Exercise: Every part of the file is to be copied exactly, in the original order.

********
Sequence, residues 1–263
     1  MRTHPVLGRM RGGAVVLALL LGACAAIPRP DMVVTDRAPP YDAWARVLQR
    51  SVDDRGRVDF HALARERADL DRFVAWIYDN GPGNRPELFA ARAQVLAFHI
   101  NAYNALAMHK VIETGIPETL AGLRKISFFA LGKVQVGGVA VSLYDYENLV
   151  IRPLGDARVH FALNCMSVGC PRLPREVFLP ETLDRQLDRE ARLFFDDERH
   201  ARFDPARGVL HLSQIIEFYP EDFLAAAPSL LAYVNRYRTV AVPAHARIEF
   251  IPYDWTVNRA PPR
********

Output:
Sequence, residues 1–263
     1  MRTHPVLGRM RGGAVVLALL LGACAAIPRP DMVVTDRAPP YDAWARVLQR
    51  SVDDRGRVDF HALARERADL DRFVAWIYDN GPGNRPELFA ARAQVLAFHI
   101  NAYNALAMHK VIETGIPETL AGLRKISFFA LGKVQVGGVA VSLYDYENLV
   151  IRPLGDARVH FALNCMSVGC PRLPREVFLP ETLDRQLDRE ARLFFDDERH
   201  ARFDPARGVL HLSQIIEFYP EDFLAAAPSL LAYVNRYRTV AVPAHARIEF
   251  IPYDWTVNRA PPR